Former oil rigs could have environmental benefits, says poll

 Oil rigs  environment  marine life  biodiversity  development

An international survey has suggested that leaving oil rigs in the ocean could support wildlife.

The poll of 38 environmental experts found that 36 agreed that a “case-by-case” approach to decommissioning oil rigs could benefit marine life in the North Sea.

The results form the basis of a new journal article from the University of Technology Sydney, which seeks to guide best practice on the issue.

In the next few decades, an estimated 7,500 offshore platforms in the oil & gas industry are set to reach the end of their life. Many of them have been in the water for nearly 30 decades and have provided an artificial reef for local marine life.

Completely removing rigs from the sea could provide detrimental to these species, which have grown to depend on them, the paper argues.

Another finding suggests that while offshore structures remain in situ the surrounding area is forbidden to any kinds of fishing. This has helped to increase fish stocks and prevent damage to the sea-bed from possible trawling.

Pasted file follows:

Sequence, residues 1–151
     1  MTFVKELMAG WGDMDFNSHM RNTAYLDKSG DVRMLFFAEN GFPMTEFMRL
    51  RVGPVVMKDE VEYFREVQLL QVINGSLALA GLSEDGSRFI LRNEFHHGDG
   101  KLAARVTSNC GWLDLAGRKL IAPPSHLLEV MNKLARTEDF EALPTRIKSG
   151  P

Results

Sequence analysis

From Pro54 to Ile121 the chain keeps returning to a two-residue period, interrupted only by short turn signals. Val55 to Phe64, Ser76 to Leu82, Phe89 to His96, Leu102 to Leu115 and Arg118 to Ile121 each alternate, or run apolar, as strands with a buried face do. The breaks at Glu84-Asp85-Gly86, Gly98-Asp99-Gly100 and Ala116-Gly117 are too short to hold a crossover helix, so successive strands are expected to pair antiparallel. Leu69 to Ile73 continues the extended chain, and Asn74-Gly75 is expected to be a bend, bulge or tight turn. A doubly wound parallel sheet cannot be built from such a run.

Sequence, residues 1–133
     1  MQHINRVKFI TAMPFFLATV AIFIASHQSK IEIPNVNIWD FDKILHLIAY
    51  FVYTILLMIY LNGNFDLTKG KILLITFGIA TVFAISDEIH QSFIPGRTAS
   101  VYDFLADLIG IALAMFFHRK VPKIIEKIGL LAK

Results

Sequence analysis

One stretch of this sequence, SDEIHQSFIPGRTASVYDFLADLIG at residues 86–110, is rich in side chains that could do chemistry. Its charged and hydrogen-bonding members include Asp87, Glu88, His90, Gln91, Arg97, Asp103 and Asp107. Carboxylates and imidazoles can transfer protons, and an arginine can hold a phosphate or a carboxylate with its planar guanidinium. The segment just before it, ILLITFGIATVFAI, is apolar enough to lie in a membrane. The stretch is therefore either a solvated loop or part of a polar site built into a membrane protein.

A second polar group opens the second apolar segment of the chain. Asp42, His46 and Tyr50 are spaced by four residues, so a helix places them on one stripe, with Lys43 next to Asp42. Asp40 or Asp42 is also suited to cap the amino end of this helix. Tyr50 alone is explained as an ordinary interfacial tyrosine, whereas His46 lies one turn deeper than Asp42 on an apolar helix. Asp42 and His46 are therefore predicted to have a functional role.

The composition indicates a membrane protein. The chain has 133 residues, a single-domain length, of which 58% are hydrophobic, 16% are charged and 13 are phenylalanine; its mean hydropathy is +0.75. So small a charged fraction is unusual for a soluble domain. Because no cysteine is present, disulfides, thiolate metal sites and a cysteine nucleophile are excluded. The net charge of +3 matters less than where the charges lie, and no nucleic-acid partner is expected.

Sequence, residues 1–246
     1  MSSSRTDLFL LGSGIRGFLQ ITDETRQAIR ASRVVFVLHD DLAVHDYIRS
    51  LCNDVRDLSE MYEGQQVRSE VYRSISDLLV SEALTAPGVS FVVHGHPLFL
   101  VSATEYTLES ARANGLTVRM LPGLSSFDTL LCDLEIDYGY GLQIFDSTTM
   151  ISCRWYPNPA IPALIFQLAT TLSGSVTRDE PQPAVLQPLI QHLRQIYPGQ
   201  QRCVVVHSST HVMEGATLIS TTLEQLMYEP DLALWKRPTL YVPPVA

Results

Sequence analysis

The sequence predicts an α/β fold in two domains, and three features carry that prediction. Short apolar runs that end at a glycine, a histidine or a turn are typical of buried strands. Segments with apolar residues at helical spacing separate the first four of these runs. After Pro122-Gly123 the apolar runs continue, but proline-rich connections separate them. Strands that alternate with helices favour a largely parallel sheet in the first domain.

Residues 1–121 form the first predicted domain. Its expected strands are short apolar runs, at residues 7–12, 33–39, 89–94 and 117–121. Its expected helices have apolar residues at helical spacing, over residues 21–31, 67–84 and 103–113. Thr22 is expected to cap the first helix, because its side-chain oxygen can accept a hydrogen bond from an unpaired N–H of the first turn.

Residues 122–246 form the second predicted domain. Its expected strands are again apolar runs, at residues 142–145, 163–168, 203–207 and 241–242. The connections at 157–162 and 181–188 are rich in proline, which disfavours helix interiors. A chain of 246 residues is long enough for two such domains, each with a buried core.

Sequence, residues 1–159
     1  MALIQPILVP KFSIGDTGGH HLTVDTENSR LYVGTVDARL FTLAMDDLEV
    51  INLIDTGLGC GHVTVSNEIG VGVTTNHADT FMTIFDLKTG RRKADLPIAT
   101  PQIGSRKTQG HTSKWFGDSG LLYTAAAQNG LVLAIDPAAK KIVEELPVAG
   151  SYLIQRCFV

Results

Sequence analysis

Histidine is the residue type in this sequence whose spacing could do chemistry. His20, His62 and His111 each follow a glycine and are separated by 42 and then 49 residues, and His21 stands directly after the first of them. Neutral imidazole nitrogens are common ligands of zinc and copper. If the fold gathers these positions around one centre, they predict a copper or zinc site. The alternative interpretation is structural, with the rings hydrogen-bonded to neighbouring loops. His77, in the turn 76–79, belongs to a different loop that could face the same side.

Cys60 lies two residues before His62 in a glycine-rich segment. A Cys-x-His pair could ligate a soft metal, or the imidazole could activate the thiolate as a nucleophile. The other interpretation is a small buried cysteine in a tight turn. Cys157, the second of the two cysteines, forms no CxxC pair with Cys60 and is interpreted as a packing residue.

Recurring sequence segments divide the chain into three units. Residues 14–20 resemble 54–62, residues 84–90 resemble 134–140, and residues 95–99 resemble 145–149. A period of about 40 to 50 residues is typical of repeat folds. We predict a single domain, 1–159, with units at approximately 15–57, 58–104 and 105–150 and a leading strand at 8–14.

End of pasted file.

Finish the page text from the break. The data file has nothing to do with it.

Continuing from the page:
“Many of the experts we surveyed highlighted the fact that much of the infrastructure has been in place for decades, so we actually know more about the impact of leaving them there - their value as artificial reefs, no-go fishing zones and boost to overfished species number - , than we do about the potential impacts of removal,” said co-author Dr Anne-Mette Jørgensen, from North Sea Futures, a Danish NGO.

The authors recommend that a temporary suspension on removing the structures should be permitted to allow for further research on the environmental impacts.

However, some campaigners see the move as an opportunity for the oil & gas industry to avoid the costly and complicated process of decommissioning.

Doug Parr, Greenpeace UK’s chief scientist, told the BBC: "The North Sea is not a natural environment for hard structures and leaving rigs there is a distortion of the ecosystem - a raft of plastic bottles accumulates marine life, but no-one is arguing we should create more.

"We should be wary of proposals that look like a convenient way of oil companies avoiding their responsibility to clean up after themselves."

The article was published in Frontiers in Ecology and the Environment.

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